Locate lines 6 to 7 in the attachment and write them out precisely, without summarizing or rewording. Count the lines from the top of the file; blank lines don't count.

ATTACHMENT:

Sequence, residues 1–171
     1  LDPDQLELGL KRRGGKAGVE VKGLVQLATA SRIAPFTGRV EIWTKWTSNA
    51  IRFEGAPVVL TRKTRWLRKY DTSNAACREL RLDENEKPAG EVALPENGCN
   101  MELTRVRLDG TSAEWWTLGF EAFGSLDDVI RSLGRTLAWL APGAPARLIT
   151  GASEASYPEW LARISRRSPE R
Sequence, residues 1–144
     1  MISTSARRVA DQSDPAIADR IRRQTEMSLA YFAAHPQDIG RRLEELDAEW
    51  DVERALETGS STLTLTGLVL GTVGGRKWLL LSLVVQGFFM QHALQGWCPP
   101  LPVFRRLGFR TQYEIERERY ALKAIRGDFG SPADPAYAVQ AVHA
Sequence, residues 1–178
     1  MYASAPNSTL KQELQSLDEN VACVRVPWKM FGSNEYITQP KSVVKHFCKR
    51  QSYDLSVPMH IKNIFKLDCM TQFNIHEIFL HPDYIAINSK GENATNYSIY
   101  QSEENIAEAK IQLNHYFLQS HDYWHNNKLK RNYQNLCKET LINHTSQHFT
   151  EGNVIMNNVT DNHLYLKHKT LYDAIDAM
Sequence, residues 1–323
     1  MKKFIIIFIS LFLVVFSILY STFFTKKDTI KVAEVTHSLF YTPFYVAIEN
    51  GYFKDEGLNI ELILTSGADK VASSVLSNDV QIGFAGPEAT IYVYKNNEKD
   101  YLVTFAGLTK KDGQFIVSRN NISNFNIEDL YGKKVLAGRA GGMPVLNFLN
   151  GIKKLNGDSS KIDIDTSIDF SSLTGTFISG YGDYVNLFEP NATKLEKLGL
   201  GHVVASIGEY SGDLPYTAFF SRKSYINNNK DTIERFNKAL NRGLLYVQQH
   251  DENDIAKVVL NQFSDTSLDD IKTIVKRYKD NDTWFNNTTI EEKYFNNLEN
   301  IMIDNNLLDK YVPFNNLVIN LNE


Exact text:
Sequence, residues 1–144
     1  MISTSARRVA DQSDPAIADR IRRQTEMSLA YFAAHPQDIG RRLEELDAEW